Further assumptions were made to model the changes in the valve over time. In normal aging, the most significant source of error is our scaling of the leaflet extensibilities. Our model was extrapolated from the known data [2], which provides only the change in radial extensibility, and does not give reference to a no-stress state. Changes to the valve other than leaflet thickening and stiffening were not included in the model.

Calcification was modeled simply as the addition of stiff shell elements on the aortic surface. Calcification sites were assumed to appear simultaneously at different locations in the valve, where physiologically they arise at different times. The nodules were modeled as two-dimensional shells, though in CAS the calcifications are known to develop significant thickness.

Our current model assumes two input parameters, the age of calcification onset and the calcification growth rate. Sensitivity analysis shows that the model's ability to predict overall valve function, measured by when the model predicts valve failure will occur, is sensitive to both parameters. The current model is a simplification of the true three-dimensional, inhomogeneous progression of calcification observed in patients. We expect that future work will refine the growth model.

Our model provides a framework for linking overall valve function to valve mechanical properties and geometry. This model qualitatively captures the valve narrowing and increase in fluid velocity seen in patients. With proper choice of input parameters, the model can approximate experimental data for disease progression. If the age of onset and growth behavior, which likely does not follow the constant-rate model we have assumed, can be measured, then our model can be clinically useful. A model that can take patient inputs and predict the course of disease will be useful in deciding timing of valve replacement, and a model that can describe the effects of pharmaceutical and surgical interventions can aid in the development of those treatments. The model we have presented gives a theoretical basis for understanding the link between therapy and valve function in CAS and for being able to understand and predict the course of CAS can have significant clinical impact.

In order to construct an accurate description of the calcification growth, and thus to create a useful model of valve function, significant experimental work is required. Currently, the biomolecular processes involved in CAS and their link the changes in local mechanical properties are poorly understood. We can suggest an approach to creation of an accurate constitutive model of the spread of calcification. First, CAS is recognized to be a multiscale process, spanning scales from the molecular to the organ. Accordingly, a model of CAS pathology should span the relevant length scales. We have previously described the multiscale function of the healthy valve [18], [20], and this work should be extended to the diseased states. To construct such a model, multiscale experimental data on the disease process is required. While data on disease progression is difficult to collect in humans, existing small animal models for CAS, such as that in the rabbit [21], [22], can be utilized. In an animal model, mechanical and pathological changes can be observed across the length scales. For example, histology taken from animals sacrificed at varying ages with yield observation of the disease process at the cell and tissue scales, while live imaging can record organ-scale dynamic effects. An experimentally-based model of calcification progression at the smaller scales, coupled with the organ-scale methods described in this paper, will yield a useful predictive model for the disease CAS.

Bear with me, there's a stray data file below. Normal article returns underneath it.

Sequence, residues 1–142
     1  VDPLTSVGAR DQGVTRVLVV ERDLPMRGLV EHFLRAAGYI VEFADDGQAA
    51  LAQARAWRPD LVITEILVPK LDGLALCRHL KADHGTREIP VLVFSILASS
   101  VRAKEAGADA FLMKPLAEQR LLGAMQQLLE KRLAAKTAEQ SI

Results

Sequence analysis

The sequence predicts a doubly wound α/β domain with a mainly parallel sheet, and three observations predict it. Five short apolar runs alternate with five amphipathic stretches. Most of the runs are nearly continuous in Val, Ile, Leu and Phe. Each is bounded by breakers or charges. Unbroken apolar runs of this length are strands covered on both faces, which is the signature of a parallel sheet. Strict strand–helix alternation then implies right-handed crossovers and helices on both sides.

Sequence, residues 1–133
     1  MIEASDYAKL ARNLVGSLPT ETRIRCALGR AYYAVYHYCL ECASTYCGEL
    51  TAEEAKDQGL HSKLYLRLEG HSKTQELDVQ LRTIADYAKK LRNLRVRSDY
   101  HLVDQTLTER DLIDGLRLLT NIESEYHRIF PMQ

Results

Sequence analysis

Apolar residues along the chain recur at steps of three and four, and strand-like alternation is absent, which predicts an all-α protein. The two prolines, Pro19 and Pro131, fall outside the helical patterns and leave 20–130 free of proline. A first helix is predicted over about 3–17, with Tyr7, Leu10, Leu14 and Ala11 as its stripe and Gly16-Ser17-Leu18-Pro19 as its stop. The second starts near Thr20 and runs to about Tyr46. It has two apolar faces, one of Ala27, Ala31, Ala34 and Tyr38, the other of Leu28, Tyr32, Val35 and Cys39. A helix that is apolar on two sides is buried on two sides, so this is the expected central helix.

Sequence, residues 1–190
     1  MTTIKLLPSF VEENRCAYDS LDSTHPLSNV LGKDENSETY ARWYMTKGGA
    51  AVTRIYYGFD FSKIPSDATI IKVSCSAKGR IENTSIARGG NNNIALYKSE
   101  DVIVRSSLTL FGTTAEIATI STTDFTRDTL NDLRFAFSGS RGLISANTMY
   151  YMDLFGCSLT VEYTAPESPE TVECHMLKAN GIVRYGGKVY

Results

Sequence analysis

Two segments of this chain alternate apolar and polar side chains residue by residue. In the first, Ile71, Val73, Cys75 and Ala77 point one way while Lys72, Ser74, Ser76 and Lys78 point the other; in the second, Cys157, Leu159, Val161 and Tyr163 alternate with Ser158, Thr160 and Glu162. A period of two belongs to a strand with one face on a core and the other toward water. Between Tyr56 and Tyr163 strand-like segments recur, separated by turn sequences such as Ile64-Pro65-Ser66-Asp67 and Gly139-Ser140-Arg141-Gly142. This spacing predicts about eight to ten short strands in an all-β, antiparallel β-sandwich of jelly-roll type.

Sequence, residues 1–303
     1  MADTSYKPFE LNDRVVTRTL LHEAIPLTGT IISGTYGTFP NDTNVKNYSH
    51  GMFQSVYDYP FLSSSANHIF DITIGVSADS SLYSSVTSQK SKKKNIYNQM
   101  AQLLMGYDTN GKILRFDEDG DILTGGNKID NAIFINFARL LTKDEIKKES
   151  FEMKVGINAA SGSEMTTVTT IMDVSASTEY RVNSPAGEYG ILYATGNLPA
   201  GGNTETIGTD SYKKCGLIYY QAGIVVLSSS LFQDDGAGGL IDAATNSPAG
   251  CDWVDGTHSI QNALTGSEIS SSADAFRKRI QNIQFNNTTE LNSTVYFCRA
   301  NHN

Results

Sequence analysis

We have previously described methods for using finite-element simulations to model the mechanical behavior of the normal aortic valve [18] and bicuspid aortic valve [20] over the cell, tissue, and organ length scales. These simulations have modeled the valve at one age in adulthood. In this paper, we extend our model of AV organ-scale mechanics to describe the transient effects of aging on the valve.

Here we briefly describe the method for modeling a healthy adult valve. Details on the development and validation of this model can be found in [18]. Valve geometry was created in SolidWorks (SolidWorks, Concord, MA). Dimensions of the overall valve structure [23] and thicknesses at various locations [24] were taken from literature. The geometry was meshed with brick elements using TrueGrid (XYZ Scientific Applications, Inc., Livermore, CA) and modified, including the addition of cable elements, using HyperMesh (Altair Engineering, Troy, MI). The cable elements are part of the discrete fiber model we developed [18] to model the highly nonlinear, anisotropic material behavior of the leaflets in a computationally efficient manner. Sinuses were modeled as isotropic and rubber-like, and blood was modeled as a simple Newtonian fluid. Dynamic pressure boundary conditions, representing the pressures in the left ventricle and aorta entrance, were applied to the blood at the valve orifices. A dynamic displacement boundary condition was applied to the ventricular orifice to represent ventricular contraction. The simulation was run in LS-DYNA (LSTC, Livermore, CA), which readily accepts large displacements of the solid through the fluid utilizing an operator-splitting algorithm [25]. Models were post-processed in HyperView (Altair Engineering, Troy, MI).